Is there a placental microbiota? A critical review and re-analysis of published placental microbiota datasets

Jonathan J. Panzer, Roberto Romero, Jonathan M. Greenberg, Andrew D. Winters, Jose Galaz, Nardhy Gomez-Lopez, Kevin R. Theis

Research output: Contribution to journalArticlepeer-review

15 Scopus citations


The existence of a placental microbiota is debated. The human placenta has historically been considered sterile and microbial colonization was associated with adverse pregnancy outcomes. Yet, recent DNA sequencing investigations reported a microbiota in typical human term placentas. However, this detected microbiota could represent background DNA or delivery-associated contamination. Using fifteen publicly available 16S rRNA gene datasets, existing data were uniformly re-analyzed with DADA2 to maximize comparability. While Amplicon Sequence Variants (ASVs) identified as Lactobacillus, a typical vaginal bacterium, were highly abundant and prevalent across studies, this prevalence disappeared after applying likely DNA contaminant removal to placentas from term cesarean deliveries. A six-study sub-analysis targeting the 16S rRNA gene V4 hypervariable region demonstrated that bacterial profiles of placental samples and technical controls share principal bacterial ASVs and that placental samples clustered primarily by study origin and mode of delivery. Contemporary DNA-based evidence does not support the existence of a placental microbiota. Importance Early-gestational microbial influences on human development are unclear. By applying DNA sequencing technologies to placental tissue, bacterial DNA signals were observed, leading some to conclude that a live bacterial placental microbiome exists in typical term pregnancy. However, the low-biomass nature of the proposed microbiome and high sensitivity of current DNA sequencing technologies indicate that the signal may alternatively derive from environmental or delivery-associated bacterial DNA contamination. Here we address these alternatives with a re-analysis of 16S rRNA gene sequencing data from 15 publicly available placental datasets. After identical DADA2 pipeline processing of the raw data, subanalyses were performed to control for mode of delivery and environmental DNA contamination. Both environment and mode of delivery profoundly influenced the bacterial DNA signal from term-delivered placentas. Aside from these contamination-associated signals, consistency was lacking across studies. Thus, placentas delivered at term are unlikely to be the original source of observed bacterial DNA signals.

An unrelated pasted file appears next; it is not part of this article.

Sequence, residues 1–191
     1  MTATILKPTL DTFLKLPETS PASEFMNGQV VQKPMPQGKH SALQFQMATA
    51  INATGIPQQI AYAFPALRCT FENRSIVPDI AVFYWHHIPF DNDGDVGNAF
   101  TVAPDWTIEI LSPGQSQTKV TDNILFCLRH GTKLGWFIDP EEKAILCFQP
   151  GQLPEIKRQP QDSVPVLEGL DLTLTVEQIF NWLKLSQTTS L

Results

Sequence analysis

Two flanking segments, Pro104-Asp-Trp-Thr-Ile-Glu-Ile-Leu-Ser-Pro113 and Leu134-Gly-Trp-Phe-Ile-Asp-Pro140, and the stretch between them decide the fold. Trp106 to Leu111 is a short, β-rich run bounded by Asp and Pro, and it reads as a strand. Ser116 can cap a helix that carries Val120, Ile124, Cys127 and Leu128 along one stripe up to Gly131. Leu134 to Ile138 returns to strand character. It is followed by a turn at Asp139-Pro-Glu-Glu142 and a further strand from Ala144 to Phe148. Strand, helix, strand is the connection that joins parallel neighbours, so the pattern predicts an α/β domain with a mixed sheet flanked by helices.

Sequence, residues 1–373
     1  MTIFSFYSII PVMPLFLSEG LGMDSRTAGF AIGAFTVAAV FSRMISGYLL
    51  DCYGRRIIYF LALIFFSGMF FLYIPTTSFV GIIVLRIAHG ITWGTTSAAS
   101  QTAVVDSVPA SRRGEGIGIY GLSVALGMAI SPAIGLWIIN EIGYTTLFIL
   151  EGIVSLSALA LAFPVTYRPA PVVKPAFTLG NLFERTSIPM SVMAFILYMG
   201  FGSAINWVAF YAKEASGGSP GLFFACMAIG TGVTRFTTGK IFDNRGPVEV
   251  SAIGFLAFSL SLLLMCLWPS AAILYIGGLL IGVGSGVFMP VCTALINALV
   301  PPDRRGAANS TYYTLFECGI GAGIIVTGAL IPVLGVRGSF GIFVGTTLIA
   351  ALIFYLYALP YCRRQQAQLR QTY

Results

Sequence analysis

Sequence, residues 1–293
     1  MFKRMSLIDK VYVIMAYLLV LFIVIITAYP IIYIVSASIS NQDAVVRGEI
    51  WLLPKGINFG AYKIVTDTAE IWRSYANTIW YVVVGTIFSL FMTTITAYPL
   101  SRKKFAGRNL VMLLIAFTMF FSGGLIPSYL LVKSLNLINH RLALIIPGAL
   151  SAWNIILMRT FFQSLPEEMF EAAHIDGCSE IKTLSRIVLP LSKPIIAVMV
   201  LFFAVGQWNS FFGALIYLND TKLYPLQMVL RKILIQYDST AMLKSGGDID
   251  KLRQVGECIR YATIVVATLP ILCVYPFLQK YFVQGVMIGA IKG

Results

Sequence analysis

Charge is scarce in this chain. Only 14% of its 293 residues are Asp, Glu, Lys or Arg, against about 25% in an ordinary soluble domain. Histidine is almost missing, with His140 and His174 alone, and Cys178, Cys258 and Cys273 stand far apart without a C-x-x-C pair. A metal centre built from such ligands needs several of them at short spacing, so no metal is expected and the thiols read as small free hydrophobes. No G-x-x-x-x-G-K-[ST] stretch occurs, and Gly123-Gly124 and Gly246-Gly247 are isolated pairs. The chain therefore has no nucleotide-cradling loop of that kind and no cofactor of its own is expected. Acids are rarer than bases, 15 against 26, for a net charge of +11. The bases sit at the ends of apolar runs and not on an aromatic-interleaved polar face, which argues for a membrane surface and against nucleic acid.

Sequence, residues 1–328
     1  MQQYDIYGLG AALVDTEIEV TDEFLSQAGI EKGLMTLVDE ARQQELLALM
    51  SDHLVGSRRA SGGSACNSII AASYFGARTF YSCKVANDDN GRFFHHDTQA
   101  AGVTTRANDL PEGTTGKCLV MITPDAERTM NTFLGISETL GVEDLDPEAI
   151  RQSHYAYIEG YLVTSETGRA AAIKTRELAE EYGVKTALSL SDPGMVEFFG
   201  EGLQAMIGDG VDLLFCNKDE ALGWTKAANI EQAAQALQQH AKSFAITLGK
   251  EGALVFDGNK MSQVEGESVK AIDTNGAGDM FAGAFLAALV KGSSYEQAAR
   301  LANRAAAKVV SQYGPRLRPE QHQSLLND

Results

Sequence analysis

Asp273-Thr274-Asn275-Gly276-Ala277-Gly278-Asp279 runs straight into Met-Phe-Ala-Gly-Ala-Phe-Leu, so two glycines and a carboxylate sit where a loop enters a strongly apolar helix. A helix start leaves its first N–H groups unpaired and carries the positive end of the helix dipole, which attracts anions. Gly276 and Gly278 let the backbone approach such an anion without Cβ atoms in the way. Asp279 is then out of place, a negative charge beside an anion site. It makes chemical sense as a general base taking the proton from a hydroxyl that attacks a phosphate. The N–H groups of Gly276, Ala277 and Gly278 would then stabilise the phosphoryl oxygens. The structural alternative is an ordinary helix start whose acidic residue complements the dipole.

Original languageEnglish
Article number76
JournalBMC Microbiology
Issue number1
StatePublished - Dec 2023


  • 16S rRNA gene sequencing
  • Low microbial biomass sampling
  • Microbiome
  • Placenta
  • Sterile womb


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